Views: 0 Author: Site Editor Publish Time: 2022-11-09 Origin: Site
Surgical staple removal: a simple and innovative technique Today, nearly every surgeon prefers to close skin incisions with stapled sutures because of their many benefits. The advantages of staples are that they are faster, more economical, and cause fewer infections than sutures. The downside of staples is that they can leave permanent scars if used incorrectly and that the edges of the wound are not perfectly aligned, which can lead to improper healing.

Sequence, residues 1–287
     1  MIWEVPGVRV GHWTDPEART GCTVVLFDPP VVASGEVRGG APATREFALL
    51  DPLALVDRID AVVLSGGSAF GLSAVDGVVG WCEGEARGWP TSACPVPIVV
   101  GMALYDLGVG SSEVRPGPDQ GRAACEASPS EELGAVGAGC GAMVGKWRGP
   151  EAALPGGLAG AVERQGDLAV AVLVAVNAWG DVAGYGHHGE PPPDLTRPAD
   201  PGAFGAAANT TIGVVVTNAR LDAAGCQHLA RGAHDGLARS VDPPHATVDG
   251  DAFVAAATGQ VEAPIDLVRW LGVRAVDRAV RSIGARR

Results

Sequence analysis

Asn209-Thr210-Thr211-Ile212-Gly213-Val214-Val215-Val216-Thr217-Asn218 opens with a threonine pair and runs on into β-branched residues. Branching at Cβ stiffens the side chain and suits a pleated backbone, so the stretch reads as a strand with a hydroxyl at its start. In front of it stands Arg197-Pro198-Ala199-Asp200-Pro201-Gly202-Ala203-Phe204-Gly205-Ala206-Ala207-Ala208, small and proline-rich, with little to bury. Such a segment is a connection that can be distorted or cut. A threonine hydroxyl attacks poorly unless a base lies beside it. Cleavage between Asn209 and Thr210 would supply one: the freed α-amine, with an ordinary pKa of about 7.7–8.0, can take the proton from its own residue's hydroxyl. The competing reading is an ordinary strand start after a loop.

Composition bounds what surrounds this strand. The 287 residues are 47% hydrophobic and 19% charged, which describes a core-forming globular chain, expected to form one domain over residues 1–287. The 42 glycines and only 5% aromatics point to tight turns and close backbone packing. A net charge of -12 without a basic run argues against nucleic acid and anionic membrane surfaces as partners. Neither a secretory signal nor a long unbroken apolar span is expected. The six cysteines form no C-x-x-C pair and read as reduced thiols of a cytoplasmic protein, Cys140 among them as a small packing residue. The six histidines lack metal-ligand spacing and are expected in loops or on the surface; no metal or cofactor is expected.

However, few other aspects deserve special mention with regard to their use in developing countries such as India. In developing countries, they are still not widely used by the peripheral health sector due to funding constraints, and their use is limited to institutional surgery and the corporate sector. However, due to the high volume of patients for surgical suture removal: a simple and innovative technical clinic, cannot meet the needs of all patients for suture removal, they have to go to these peripheral health centers and private hospitals in their area for suture removal.